This is no exception to the common misuse or overuse of such motions. As to Wesolowski, counsel's memorandum has simply rehashed the same arguments advanced in the original briefing and found inadequate by this Court (see Opinion at 759). Of course this Court did not base its ruling as to the speculative nature of Wesolowski's claim on what took place after the lawsuit was filed. Wesolowski's claim was inherently speculative in standing terms when this action was filed, and the subsequent events merely confirmed that.

Finally, plaintiffs' counsel point to two Court of Appeals decisions not previously cited by them (EEOC v. Eastern Airlines, Inc., 736 F.2d 635, 639-41 (11th Cir.1984) and Burns v. Equitable Life Assurance Society of the United States, 696 F.2d 21 (2d Cir.1982), cert. denied, 464 U.S. 933, 104 S. Ct. 336, 78 L. Ed. 2d 306 (1983)), each of which disagreed with the Jones case mentioned in Opinion at 7 and held that previously-filed private ADEA actions survive a later filing by EEOC. Again counsel have missed the point.[1] Their action was not pending and viable before EEOC brought its action on behalf of the class of employees of which Settino was a member. Hence the plain language of 29 U.S.C. § 626(c) (1), and not its extended construction in Jones, foreclosed plaintiffs' action wheneven giving plaintiffs the benefit of the "springing use" approach discussed in Opinion at 758it could first have become viable.

In sum, nothing in the motion for reconsideration calls for a change in the Opinion. Reconsideration is denied.

NOTES

[1] All citations to ADEA will simply take the form "Section," referring to the numbering in Title 29 rather than to ADEA's internal numbering.

[2] City's motion became fully briefed November 13, 1985. It was, however, only last month the case was reassigned to this Court's calendar, and this Court has addressed the matter expeditiously.

[3] All relevant dates occurred during 1985, so this opinion will omit any further year designations.

[4] Though the EEOC action was apparently filed at the instance of charges filed by someone other than Settino, he was also necessarily included within the class for whose benefit EEOC sued.

[5] In Fields v. Village of Skokie, 502 F. Supp. 456, 458-59 (N.D.Ill.1980), this Court rejected the efforts of Title VII plaintiffs to avoid the statutory right-to-sue letter requirement by seeking injunctive relief. As the text indicates, that holding would also support the decision here, though this Court need not now rule on the issue treated in the Bailey line of cases and touched on in Fields.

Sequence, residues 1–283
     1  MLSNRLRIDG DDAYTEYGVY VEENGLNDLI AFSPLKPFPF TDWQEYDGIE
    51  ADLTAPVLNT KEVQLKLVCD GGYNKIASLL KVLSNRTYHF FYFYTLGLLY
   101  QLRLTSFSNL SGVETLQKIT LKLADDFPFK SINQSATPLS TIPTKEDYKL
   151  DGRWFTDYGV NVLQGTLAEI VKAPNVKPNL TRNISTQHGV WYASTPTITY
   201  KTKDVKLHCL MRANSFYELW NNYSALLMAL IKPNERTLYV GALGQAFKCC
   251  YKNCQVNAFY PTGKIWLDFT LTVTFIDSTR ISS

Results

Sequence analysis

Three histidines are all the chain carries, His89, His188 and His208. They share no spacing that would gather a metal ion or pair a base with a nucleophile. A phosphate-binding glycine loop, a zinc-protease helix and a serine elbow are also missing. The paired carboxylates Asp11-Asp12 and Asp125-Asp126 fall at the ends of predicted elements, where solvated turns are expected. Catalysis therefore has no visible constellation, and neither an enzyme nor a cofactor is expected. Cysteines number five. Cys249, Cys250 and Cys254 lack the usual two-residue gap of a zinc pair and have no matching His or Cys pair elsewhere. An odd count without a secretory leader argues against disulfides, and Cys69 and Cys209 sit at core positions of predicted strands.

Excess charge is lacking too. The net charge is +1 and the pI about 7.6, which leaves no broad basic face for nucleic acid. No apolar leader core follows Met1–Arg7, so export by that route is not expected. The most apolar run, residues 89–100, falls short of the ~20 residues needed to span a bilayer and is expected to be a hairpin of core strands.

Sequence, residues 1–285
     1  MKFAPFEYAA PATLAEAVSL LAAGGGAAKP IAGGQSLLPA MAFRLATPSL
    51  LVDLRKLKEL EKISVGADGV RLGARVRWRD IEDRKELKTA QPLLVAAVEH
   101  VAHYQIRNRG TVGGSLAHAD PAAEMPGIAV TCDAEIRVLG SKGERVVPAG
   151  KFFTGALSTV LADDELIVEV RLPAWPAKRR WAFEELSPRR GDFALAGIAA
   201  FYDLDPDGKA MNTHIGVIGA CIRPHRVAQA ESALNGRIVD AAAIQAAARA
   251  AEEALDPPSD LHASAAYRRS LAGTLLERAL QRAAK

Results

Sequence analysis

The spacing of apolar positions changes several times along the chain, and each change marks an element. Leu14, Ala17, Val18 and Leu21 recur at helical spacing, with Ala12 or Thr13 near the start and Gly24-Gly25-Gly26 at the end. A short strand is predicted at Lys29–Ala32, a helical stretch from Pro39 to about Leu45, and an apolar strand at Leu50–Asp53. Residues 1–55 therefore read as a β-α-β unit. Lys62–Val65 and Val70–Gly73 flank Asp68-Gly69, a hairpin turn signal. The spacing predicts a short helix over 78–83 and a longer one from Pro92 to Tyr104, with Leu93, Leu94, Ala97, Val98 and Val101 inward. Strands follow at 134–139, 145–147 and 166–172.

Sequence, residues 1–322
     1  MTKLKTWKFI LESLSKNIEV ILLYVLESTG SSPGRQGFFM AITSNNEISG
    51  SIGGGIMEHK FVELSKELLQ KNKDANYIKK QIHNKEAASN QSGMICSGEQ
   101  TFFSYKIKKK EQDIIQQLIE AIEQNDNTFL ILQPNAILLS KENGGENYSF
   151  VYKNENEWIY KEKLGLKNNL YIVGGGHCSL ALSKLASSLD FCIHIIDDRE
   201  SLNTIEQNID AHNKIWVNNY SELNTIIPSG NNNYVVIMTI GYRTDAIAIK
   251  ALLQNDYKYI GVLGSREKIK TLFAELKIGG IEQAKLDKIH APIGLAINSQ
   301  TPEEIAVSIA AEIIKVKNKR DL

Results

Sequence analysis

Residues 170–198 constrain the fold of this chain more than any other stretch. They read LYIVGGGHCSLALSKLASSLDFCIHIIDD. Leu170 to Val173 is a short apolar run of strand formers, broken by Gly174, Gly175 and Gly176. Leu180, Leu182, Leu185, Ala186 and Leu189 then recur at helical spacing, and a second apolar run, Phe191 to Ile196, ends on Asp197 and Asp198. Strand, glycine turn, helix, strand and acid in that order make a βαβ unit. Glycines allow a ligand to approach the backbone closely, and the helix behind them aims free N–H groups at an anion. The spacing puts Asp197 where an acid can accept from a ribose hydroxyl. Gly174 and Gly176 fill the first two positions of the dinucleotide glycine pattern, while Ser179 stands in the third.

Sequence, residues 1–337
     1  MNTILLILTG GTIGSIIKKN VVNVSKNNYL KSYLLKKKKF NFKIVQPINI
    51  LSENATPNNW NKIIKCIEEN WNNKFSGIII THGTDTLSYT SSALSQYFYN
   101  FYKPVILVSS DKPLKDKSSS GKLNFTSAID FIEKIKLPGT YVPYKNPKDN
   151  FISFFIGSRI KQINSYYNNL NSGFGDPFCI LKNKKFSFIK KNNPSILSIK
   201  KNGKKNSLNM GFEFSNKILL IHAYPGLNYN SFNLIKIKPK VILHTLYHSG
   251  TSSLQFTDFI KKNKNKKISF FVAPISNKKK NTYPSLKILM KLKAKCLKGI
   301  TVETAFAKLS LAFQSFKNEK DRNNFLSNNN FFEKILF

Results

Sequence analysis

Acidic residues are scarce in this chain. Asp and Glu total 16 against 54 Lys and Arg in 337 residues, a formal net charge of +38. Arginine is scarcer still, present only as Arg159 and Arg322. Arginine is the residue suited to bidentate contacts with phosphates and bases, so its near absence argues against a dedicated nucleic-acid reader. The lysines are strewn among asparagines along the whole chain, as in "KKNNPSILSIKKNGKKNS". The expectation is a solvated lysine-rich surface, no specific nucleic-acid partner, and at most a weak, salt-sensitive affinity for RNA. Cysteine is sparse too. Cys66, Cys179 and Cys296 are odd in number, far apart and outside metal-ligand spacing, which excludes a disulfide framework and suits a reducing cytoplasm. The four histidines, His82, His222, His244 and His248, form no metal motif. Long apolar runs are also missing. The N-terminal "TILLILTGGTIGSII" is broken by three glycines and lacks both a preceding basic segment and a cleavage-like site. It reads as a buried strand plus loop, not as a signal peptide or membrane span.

[6] Plaintiffs invoke a few cases that did permit ADEA standing to individuals outside the 40-to-70 age group. But in each of those a present employee who would be directly affected by forced retirement at an impermissible agesay 55was held able to sue. That is of course wholly different from the doubly-iffy nature of Wesolowski's claim, which was not only totally contingent but was demonstrated to have been so by the actual course of events.

[7] This Court also inherited this case with a partially-briefed motion for attorneys' fees sought by plaintiffs for their success in causing City to take the post-lawsuit steps described in the text. Nothing in the result here should be mistaken as a ruling on plaintiffs' entitlement or lack of entitlement to such fees. This Court will simply await a motion by either litigant on that score.

[1] As the Opinion said, this Court did not have to decide whether Jones was rightly decided. Even on the Eastern Airlines-Burns analysis, under which a properly filed private ADEA lawsuit continues in existence after EEOC chimes in with its own action, plaintiffs here could not qualify for that treatment unless this Court accepted their argument as to Wesolowski's right to bring a viable suit before the 60-day period was up. Once the latter contention was rejected, as it was, it was irrelevant which side of the Jones versus Eastern Airlines-Burns analysis was more persuasive.